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    University of Memphis Law School opens today in former U.S. Customs House

    PHOTO BY MIKE MAPLE
    Tours were held last week at the new University of Memphis Cecil C. Humphreys School of Law in the old U.S. Customs House. Among those on hand were Jordan Russell, a first-year law student checking out the student lounge with her mother, Susan Russell.

    Special To The Commercial Appeal
    January 11, 2010

    The University of Memphis' Cecil C. Humphrey's Law School today opens the doors of its new Downtown location for the first time to more than 500 students, professors and staff.

    The newly renovated 169,000-square-foot building originally housed the 19th century U.S. Customs House.

    "The move to the new building will significantly enhance our ability to carry out our mission to prepare the next generation of lawyers and judges, as well as provide greatly needed access to the legal system for under-served groups through our in-house legal clinics," School of Law Dean Kevin Smith said.

    "In addition, the new facility and location will enable us to compete for the best students throughout the region and country."

    Here are some facts about the facility:

    — The building has served as a customs house, court house and post office;

    — It was placed on the National Register of Historic Places in 1980;

    — Built in the early 1880s, the Italianate Revival-style building opened in 1885.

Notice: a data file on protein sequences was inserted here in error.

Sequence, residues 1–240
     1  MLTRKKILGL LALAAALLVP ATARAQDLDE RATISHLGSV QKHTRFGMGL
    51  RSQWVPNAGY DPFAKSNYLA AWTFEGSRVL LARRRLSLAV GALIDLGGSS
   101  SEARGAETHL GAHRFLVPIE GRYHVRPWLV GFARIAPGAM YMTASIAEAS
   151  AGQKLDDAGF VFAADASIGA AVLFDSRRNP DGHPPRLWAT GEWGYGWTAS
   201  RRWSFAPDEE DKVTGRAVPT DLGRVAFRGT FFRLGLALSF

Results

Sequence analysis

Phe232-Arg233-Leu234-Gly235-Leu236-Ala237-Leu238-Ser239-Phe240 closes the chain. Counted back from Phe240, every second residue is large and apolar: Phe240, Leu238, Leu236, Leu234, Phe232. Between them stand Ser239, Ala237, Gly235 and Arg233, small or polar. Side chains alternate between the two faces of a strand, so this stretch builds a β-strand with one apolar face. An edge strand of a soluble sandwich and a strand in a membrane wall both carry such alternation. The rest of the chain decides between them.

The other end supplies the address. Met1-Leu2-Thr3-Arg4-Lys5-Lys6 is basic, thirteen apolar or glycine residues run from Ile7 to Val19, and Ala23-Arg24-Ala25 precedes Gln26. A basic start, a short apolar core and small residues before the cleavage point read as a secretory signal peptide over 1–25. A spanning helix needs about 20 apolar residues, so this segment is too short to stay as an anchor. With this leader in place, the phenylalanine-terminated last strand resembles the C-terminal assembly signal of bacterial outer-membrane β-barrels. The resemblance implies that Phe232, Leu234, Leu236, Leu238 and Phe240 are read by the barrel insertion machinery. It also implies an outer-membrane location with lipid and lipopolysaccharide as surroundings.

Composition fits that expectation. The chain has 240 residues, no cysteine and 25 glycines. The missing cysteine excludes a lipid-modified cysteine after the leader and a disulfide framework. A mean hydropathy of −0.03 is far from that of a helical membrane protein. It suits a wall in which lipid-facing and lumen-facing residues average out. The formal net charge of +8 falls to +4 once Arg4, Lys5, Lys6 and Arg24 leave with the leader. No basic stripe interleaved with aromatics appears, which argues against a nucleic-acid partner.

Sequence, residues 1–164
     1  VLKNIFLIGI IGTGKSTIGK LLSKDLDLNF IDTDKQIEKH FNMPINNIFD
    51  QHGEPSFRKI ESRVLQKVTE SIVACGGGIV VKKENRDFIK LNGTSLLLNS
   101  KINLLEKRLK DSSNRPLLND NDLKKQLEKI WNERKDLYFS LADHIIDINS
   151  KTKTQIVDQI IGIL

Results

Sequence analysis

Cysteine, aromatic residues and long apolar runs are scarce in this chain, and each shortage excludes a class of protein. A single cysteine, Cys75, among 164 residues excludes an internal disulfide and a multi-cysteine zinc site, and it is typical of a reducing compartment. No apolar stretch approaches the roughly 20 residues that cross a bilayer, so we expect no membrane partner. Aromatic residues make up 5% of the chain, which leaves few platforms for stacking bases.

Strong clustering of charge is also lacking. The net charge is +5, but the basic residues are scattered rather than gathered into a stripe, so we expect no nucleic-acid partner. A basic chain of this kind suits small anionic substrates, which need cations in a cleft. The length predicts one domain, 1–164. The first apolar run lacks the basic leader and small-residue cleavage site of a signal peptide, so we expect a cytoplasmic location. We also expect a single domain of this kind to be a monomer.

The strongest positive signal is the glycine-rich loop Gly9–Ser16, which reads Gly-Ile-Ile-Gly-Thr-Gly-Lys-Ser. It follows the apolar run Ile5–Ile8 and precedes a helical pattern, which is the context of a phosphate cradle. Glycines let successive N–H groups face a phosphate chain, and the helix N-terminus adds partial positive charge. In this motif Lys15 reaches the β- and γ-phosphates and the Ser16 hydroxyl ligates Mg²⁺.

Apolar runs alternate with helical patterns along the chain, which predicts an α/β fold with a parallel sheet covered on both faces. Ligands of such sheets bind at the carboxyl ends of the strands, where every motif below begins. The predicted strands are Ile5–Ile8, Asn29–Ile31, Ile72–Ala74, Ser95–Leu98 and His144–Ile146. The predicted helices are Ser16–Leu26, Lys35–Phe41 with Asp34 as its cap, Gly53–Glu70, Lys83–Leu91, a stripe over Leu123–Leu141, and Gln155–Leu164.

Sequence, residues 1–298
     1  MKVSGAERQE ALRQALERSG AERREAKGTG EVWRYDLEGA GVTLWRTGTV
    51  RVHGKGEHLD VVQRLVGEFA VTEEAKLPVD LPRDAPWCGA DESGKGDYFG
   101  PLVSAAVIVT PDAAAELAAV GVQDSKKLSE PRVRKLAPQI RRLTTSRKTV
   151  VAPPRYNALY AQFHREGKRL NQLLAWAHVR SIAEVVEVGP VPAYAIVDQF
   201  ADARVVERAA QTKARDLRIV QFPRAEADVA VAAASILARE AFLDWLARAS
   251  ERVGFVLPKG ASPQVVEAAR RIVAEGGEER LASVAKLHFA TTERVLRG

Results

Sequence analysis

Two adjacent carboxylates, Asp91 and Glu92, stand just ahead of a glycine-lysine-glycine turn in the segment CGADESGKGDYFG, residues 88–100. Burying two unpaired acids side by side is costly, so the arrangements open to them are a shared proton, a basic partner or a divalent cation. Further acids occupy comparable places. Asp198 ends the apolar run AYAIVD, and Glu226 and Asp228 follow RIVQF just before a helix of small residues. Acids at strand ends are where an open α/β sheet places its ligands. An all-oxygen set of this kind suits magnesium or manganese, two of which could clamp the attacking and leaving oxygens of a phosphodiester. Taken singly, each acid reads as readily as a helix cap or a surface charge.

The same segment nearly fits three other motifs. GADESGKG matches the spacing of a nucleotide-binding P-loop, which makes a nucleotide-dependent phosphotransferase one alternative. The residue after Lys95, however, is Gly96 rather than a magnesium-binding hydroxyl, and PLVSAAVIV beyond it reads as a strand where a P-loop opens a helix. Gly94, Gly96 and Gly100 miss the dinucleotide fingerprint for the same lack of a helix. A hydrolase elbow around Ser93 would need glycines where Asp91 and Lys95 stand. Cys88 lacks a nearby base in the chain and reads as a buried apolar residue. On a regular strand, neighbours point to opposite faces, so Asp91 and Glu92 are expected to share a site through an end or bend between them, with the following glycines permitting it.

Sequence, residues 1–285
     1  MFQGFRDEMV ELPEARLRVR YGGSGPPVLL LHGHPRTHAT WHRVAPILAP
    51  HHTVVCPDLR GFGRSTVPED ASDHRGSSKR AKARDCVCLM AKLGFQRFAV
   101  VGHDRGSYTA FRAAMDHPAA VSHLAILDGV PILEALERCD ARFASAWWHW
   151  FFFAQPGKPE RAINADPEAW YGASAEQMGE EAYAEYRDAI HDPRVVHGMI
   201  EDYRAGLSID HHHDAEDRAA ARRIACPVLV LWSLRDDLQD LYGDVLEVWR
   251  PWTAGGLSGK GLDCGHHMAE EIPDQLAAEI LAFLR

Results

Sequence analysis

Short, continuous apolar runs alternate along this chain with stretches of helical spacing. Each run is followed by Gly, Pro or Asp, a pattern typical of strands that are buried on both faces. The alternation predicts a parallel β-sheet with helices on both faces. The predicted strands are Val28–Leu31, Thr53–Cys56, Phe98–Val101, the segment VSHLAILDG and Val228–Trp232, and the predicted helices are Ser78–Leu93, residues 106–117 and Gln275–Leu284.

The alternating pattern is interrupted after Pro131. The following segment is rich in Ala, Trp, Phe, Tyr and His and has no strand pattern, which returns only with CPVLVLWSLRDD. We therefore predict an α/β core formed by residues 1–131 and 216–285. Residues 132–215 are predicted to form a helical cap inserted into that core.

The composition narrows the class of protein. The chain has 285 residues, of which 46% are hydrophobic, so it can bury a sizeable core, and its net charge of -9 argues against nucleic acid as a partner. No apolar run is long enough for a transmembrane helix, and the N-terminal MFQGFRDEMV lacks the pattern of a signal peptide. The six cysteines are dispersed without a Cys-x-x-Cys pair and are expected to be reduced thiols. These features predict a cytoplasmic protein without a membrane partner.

— The $42 million renovation and construction began in fall 2006, after the Postal Service formally turned the building over;

    Primary east-facing entrances will continue to be the primary entrances;

    A renovated, old federal courtroom on the third floor will be the school's moot courtroom. The room provides examples of rediscovered architectural details found throughout the building, including a decorative ceiling and roof monitor;

    All five levels of the South Wing will be the Plough Law Library. It includes glass walls overlooking the Mississippi River;

    Two of the buildings' 10 original security vaults will serve as study space and a small office;

    In the North Wing, administrative and faculty offices are on the second and third floors. The first floor houses a student lounge, study areas, law student bookstore, and a Starbucks;

    The North Wing's lowest level will contain the Legal Clinic, locker rooms and student organization offices;

    Five large classrooms with tiered floors and state-of-the-art technology are in the center-rear of the original 1903 addition;

    The Front Plaza will offer new benches, bike racks and low-maintenance landscaping;

    And the renovation included a $2 million seismic retrofit.

    "Great lengths have been taken to preserve the historical integrity of the building while transforming it into a high-tech, cutting-edge learning environment," said project director and architect Bill Nixon of Askew Nixon Ferguson Architects.